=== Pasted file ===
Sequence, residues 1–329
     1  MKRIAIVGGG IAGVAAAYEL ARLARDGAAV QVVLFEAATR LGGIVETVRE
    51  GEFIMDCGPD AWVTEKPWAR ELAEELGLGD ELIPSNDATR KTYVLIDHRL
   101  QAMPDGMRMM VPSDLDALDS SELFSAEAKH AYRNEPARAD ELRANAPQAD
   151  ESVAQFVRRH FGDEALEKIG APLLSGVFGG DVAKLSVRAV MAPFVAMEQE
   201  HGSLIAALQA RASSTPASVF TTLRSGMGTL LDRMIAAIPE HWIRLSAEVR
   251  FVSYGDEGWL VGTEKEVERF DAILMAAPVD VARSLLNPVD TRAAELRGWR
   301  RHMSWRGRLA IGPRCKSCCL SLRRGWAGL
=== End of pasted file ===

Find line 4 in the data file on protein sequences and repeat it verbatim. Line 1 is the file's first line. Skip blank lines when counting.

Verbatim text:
   101  QAMPDGMRMM VPSDLDALDS SELFSAEAKH AYRNEPARAD ELRANAPQAD